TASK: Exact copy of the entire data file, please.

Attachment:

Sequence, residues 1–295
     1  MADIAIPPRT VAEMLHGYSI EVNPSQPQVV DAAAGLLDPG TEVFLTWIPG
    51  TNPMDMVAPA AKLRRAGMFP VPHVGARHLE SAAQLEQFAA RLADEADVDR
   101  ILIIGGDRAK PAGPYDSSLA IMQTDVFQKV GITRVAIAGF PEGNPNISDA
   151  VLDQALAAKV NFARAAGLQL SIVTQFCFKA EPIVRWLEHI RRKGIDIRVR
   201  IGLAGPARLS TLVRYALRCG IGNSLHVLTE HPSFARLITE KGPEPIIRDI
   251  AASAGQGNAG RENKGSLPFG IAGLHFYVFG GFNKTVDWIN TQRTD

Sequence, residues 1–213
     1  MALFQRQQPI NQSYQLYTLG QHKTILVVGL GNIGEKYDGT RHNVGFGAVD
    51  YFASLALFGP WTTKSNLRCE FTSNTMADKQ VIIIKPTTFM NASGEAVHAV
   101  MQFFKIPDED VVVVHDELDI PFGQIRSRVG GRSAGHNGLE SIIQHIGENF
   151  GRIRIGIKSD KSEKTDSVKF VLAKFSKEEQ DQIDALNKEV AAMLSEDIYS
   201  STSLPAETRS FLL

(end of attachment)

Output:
Sequence, residues 1–295
     1  MADIAIPPRT VAEMLHGYSI EVNPSQPQVV DAAAGLLDPG TEVFLTWIPG
    51  TNPMDMVAPA AKLRRAGMFP VPHVGARHLE SAAQLEQFAA RLADEADVDR
   101  ILIIGGDRAK PAGPYDSSLA IMQTDVFQKV GITRVAIAGF PEGNPNISDA
   151  VLDQALAAKV NFARAAGLQL SIVTQFCFKA EPIVRWLEHI RRKGIDIRVR
   201  IGLAGPARLS TLVRYALRCG IGNSLHVLTE HPSFARLITE KGPEPIIRDI
   251  AASAGQGNAG RENKGSLPFG IAGLHFYVFG GFNKTVDWIN TQRTD

Sequence, residues 1–213
     1  MALFQRQQPI NQSYQLYTLG QHKTILVVGL GNIGEKYDGT RHNVGFGAVD
    51  YFASLALFGP WTTKSNLRCE FTSNTMADKQ VIIIKPTTFM NASGEAVHAV
   101  MQFFKIPDED VVVVHDELDI PFGQIRSRVG GRSAGHNGLE SIIQHIGENF
   151  GRIRIGIKSD KSEKTDSVKF VLAKFSKEEQ DQIDALNKEV AAMLSEDIYS
   201  STSLPAETRS FLL